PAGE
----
Rock and roll lifestyle? Machine Gun Kelly shared graphic photos and videos of injuries he obtained after smashing a champagne flute on his head.
“Good morning,” Kelly, 32, captioned an Instagram Story video in which he shows off a bloody gash above his right eyebrow. The Texas native also shared a carousel of photos in which his face, hands and pink mesh shirt are stained with blood. “NYC you’re my bloody valentine,” he wrote in the caption.
Courtesy of Machine Gun Kelly/Instagram
The “My Ex’s Best Friend” musician obtained the self-inflicted injury at an afterparty for his Tuesday, June 28, show at Madison Square Garden in New York City. “I don’t give a f–k, bro. I don’t give a s–t,” he said before hitting himself with a champagne glass in a video uploaded to his Instagram Story. In a subsequent video, the rapper continued performing for the partygoers as he bled.
During the concert, Kelly welcomed Landon Barker to the stage to perform their song “Die in California.” While the 18-year-old was at the sold-out show, his father, Travis Barker, was in the hospital for pancreatitis. TMZ published photos of the 46-year-old Blink-182 musician lying on a stretcher with his tattooed fist raised and his wife Kourtney Kardashian at his side.
“Please send your prayers,” Travis’ daughter Alabama Barker, 16, wrote on her Instagram Story the day her dad was taken to Cedars-Sinai Medical Center in an ambulance. The “What’s My Age Again?” musician tweeted “God save me” hours before he was hospitalized. Although some fans were concerned by the message, others pointed out that it could’ve been a nod to one of Kelly’s songs.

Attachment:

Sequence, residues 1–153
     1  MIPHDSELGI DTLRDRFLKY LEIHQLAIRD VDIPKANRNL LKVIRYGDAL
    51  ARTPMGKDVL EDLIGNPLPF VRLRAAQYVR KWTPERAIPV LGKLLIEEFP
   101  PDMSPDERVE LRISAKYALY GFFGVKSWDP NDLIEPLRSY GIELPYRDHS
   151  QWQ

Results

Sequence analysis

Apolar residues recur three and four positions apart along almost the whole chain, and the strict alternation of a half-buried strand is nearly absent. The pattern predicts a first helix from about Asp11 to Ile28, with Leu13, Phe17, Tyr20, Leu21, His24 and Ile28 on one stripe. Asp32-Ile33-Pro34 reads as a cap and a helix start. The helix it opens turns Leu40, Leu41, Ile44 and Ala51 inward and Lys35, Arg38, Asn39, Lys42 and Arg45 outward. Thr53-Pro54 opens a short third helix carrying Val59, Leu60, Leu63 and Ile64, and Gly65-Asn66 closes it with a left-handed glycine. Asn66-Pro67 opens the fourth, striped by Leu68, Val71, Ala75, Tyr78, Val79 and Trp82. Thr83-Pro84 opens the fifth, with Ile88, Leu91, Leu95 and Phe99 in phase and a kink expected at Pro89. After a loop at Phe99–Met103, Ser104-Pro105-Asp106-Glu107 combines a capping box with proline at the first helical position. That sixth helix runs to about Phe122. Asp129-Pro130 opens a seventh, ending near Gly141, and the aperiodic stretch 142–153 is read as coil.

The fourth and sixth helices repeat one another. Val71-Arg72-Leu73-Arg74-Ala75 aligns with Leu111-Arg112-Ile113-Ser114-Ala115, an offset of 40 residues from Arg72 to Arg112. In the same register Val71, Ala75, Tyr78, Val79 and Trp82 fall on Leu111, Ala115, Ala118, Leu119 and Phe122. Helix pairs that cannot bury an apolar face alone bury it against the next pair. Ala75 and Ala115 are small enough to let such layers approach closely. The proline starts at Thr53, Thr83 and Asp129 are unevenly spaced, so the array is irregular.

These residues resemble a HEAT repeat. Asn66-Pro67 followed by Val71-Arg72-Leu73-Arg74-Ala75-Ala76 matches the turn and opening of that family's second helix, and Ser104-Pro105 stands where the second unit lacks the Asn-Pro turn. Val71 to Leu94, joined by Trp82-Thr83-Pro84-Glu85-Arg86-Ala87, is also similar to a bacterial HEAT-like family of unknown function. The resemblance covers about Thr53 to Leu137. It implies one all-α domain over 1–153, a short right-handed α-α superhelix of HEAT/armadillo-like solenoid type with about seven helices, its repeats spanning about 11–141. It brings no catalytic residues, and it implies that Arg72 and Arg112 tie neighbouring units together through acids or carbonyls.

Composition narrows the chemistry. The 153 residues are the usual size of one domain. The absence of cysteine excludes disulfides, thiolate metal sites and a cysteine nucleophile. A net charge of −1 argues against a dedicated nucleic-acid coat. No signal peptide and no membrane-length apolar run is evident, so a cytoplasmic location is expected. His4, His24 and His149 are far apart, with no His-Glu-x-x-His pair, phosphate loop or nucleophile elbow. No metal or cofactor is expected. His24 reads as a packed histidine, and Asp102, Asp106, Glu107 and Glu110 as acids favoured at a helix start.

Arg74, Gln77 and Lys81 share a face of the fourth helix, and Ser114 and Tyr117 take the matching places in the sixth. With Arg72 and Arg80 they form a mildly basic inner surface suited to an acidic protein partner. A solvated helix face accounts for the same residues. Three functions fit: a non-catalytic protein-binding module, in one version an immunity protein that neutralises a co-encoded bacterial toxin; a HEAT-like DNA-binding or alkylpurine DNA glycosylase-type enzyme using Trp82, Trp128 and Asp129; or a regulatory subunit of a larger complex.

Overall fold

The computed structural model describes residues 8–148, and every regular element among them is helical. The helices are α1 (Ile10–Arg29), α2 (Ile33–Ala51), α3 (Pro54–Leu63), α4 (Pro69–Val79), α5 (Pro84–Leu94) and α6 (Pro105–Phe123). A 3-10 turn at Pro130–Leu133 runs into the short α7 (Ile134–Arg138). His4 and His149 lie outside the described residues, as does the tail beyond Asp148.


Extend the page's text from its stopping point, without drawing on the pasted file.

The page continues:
Kelly’s collaboration with Landon comes after years of friendship with Travis. In September 2019, the “Emo Girl” singer talked to Nylon about how the drummer has had a positive effect on him.
“We really bond as unconventional dads, and he’s a great role model as a dad and made me want to become an even better father,” he said at the time.
The Good Mourning actor added that he was also inspired by Barker’s journey with sobriety. “He showed me that I can attain a lot of the same highs that I search for elsewhere in music, because since his plane crash, he took the road to becoming sober,” he explained. “And that never affects the way that his art came off, or how I look at him like he’s a f—ing rock star, you know what I mean? He encouraged me to be in the studio and start to find highs in the music.”